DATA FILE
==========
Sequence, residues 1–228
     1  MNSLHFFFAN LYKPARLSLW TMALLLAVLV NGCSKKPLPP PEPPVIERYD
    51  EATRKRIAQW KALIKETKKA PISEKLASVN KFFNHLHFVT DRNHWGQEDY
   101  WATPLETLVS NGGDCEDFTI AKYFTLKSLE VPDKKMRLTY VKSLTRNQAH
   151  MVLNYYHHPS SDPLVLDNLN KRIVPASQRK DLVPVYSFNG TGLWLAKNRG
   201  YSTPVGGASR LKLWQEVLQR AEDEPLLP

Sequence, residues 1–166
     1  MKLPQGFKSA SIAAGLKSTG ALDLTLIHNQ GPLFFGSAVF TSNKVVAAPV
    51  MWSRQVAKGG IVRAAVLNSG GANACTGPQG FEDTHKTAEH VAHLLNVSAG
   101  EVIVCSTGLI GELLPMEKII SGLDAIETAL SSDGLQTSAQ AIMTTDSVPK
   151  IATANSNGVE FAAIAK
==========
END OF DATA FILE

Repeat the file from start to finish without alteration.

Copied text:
Sequence, residues 1–228
     1  MNSLHFFFAN LYKPARLSLW TMALLLAVLV NGCSKKPLPP PEPPVIERYD
    51  EATRKRIAQW KALIKETKKA PISEKLASVN KFFNHLHFVT DRNHWGQEDY
   101  WATPLETLVS NGGDCEDFTI AKYFTLKSLE VPDKKMRLTY VKSLTRNQAH
   151  MVLNYYHHPS SDPLVLDNLN KRIVPASQRK DLVPVYSFNG TGLWLAKNRG
   201  YSTPVGGASR LKLWQEVLQR AEDEPLLP

Sequence, residues 1–166
     1  MKLPQGFKSA SIAAGLKSTG ALDLTLIHNQ GPLFFGSAVF TSNKVVAAPV
    51  MWSRQVAKGG IVRAAVLNSG GANACTGPQG FEDTHKTAEH VAHLLNVSAG
   101  EVIVCSTGLI GELLPMEKII SGLDAIETAL SSDGLQTSAQ AIMTTDSVPK
   151  IATANSNGVE FAAIAK